The Syriac Assyrian Component
The presence of Assyrians (Syriac/Chaldean) in Syria is ancient, as ancient as Syria itself. The group forms a cultural and historical depth to Syria where Assyrians are an essential part of native national fabric of Syrian society. They are the descendants of the Assyrians and the Aramean people of early Mesopotamia and the Levant ; the name Syria itself is derived from the word "Assyrian" (In Assyrian, Syria means country of force). The Assyrians are considered the closest to the Arab peoples in race and culture. This as well as that the Assyrians participated in all their activities social, cultural, economic and political while state-building and strengthening national unity of Syria.
There are no official statistics about their numbers in Syria but they are estimated to be 500,000 and distributed in Eastern Syria, Aleppo, Homs and Damascus.
After Syrian independence and the stability of the political situation Assyrian established cultural, social and educational institutions which were allowed in the framework of religious freedoms, such as schools, sports clubs and scouts.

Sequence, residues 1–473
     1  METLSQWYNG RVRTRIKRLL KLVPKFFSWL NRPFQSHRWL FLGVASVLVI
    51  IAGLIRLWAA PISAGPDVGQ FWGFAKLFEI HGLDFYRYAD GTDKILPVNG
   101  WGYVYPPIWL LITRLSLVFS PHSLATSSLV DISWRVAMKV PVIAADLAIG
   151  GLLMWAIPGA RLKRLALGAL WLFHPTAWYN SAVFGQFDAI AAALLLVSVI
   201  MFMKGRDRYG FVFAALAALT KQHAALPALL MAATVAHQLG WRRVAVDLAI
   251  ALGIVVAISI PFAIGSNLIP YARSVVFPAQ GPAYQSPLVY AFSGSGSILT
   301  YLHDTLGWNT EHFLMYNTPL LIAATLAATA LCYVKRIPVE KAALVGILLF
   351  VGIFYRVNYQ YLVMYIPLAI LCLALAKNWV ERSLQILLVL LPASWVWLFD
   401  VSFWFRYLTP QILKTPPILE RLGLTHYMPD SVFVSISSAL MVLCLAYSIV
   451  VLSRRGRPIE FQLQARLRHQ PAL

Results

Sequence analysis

The Assyrian institutions played an important role in the political life of the Eastern cities – because of the high population of Assyrians – especially Al Qamishli. This was the case to the point that the parties and political powers and social institutions worked to secure support from the Assyrian organizations for municipal and parliamentary elections. The formation of these organizations with its large number of membership and supporters gave the Assyrians political weight in political equations.
After World War II revolutionary ideas began to spread and principles of socialism, national liberation movements grew in the region. The Assyrian people in Syria and the rest of the region were not far from these intellectual transformations, but it was a race against others to receive these ideas and embrace them because the Assyrians saw a way to lift the injustice against them the protect their national existence. From here, and against the backdrop of the cultural renaissance, the educated Assyrians were poised to join the ranks of political parties and revolutionary movements as well as the national and democratic forces.
With the crystallization of nationalist thought and the growth of political consciousness, Assyrian organizations and parties began to spring up in Syria. In 1957 the "Assyrian Democratic Organization” was founded as the first Assyrian political Syrian faction in the modern era. Today it constitutes one of the main factions of the Assyrian movement in Syria along with some other Assyrian bodies and organizations.